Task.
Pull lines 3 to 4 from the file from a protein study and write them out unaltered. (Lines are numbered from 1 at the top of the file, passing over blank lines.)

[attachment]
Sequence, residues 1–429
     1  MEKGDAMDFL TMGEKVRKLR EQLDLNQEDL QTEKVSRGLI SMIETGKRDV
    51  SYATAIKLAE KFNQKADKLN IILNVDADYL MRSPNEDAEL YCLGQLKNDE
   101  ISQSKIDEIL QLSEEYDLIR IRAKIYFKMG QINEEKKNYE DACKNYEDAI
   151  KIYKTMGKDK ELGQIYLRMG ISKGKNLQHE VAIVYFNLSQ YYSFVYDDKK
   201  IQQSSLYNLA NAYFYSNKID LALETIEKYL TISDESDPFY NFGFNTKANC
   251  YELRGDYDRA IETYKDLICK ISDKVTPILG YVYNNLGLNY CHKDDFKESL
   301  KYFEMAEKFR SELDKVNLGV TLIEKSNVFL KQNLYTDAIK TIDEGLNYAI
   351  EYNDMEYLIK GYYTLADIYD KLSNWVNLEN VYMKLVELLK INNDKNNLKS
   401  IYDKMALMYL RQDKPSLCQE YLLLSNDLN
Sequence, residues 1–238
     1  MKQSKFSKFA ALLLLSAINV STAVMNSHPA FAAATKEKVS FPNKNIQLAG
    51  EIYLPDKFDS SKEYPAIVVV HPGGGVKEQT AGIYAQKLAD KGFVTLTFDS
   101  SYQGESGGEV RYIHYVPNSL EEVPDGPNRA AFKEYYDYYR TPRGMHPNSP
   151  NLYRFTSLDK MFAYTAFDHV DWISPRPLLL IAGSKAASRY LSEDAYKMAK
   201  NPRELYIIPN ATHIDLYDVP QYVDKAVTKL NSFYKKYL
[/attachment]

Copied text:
    51  SYATAIKLAE KFNQKADKLN IILNVDADYL MRSPNEDAEL YCLGQLKNDE
   101  ISQSKIDEIL QLSEEYDLIR IRAKIYFKMG QINEEKKNYE DACKNYEDAI